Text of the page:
A Parabolic Theology
Imprint: Baylor University Press
Sales Date: 2022-10-30
270 Pages, 6.00 x 9.00 in
- Published: November 2022
The parable of the prodigal son stands as one of the most powerful imaginings of the grace of God extended to fallen humanity: its themes of departure, longing, and embrace speak to the very heart of human existence. In Prodigal Christ Kendall Cox engages this timeless story as not only a parable of salvation but also a parable of atonement and election, and therefore a parable of the divine life. Far more than a depiction of God’s abstract, general, or unmediated love for humankind, what it recounts is the primordial prodigality of the second person of the Trinity.
Setting in conversation two innovative and highly resonant christological readings of the parable, found in Julian of Norwich’s Revelations of Divine Love and Karl Barth’s Church Dogmatics, Cox shows that the identity of Jesus Christ with the wayward son is a textually faithful interpretive trajectory arising from the Lukan story itself. Such an identification is illuminated by a Ricoeurean account of parable as metaphorized narrative and by aligning the parable along the intertextual threads to which both Julian and Barth appeal. The extraordinary divine welcome figured in the lost son’s homecoming prompts Julian’s unprecedented excursus on divine motherhood and compels Barth to speak, irreducibly, of the humanity of God.
This famous story of God’s tender condescension is theologically fecund not only because of its content but also because of its parable form. Through their creative retellings, Cox argues that Julian and Barth are not simply interpreting scripture christologically but rather doing Christology in the mode of parable. Embodying what we might call "parabolic theology," these authors invite us to consider this narrative form as an exemplary and enduring theological genre particularly well suited to christological discourse. What emerges from this reading is a striking image of Christ the divine Son and Servant who goes into the far country in order to bear humanity’s burden as his own, taking on an alien identity, taking it up into the divine life. This is our story, and the story of God.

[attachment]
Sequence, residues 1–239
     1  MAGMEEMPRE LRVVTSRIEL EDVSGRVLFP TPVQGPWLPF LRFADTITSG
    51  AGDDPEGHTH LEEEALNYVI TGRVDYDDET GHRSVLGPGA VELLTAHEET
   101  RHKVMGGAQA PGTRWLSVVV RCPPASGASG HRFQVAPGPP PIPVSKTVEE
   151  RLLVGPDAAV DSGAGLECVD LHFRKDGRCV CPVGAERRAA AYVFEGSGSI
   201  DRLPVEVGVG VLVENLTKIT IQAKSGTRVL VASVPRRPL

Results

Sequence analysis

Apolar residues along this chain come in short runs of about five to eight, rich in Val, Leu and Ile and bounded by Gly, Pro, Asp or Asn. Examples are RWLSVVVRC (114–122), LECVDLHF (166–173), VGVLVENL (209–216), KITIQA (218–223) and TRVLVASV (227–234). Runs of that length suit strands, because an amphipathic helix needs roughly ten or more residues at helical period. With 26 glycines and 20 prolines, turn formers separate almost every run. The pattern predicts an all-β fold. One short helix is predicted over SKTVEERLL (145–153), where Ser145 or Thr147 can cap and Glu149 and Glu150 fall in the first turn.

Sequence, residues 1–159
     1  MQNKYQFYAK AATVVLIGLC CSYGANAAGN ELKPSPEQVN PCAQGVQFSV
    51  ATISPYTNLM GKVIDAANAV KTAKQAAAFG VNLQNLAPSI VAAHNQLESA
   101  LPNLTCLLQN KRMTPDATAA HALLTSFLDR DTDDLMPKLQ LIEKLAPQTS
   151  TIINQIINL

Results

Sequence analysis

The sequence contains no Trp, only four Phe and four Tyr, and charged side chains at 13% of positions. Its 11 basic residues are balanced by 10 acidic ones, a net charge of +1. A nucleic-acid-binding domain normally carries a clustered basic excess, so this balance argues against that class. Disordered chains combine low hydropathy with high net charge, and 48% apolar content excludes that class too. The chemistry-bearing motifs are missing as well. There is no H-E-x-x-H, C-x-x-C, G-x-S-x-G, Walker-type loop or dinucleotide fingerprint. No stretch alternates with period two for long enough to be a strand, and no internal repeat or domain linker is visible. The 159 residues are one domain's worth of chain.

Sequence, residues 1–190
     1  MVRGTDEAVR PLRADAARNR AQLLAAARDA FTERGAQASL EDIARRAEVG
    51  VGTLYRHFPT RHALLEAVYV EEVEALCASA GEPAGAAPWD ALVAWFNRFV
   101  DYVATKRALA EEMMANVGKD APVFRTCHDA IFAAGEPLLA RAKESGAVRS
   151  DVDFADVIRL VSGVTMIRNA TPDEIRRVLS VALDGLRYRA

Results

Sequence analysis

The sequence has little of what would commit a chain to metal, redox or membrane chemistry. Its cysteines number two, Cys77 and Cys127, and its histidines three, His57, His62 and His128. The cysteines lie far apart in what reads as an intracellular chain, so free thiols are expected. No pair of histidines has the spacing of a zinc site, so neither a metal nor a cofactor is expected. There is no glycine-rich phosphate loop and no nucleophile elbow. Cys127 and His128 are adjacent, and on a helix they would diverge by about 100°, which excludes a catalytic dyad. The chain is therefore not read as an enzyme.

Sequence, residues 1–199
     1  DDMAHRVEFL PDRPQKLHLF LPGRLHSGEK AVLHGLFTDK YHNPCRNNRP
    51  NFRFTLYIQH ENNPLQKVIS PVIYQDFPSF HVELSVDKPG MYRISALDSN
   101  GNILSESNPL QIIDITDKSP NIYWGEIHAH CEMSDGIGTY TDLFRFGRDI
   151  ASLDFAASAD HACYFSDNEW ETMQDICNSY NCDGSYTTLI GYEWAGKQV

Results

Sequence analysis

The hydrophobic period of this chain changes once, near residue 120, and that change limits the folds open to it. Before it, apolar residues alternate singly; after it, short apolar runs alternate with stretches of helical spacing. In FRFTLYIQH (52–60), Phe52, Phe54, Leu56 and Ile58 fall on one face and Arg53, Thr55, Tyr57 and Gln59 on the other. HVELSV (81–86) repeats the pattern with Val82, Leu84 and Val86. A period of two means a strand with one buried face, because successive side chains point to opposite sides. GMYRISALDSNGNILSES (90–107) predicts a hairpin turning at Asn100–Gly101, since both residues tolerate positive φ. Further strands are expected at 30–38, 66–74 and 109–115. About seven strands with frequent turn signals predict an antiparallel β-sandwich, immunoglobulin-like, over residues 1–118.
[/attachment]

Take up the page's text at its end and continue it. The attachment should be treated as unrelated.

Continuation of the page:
This is a beautifully written, elegantly argued, and thoroughly persuasive book. Anyone who wants to learn more about Barth, Julian, Jesus, or the parable of the prodigal son will enjoy reading Kendall Cox’s impressive new study.~Adam Neder, Bruner-Welch Professor of Theology, Whitworth University
With this book Kendall Cox achieves the near impossible—casting new light on both Julian of Norwich and Karl Barth and doing so with an elegance and depth of reading that does honor to both, and to the text of scripture which enfolds them.~Janet Soskice, William K. Warren Distinguished Research Professor of Catholic Theology, Duke Divinity School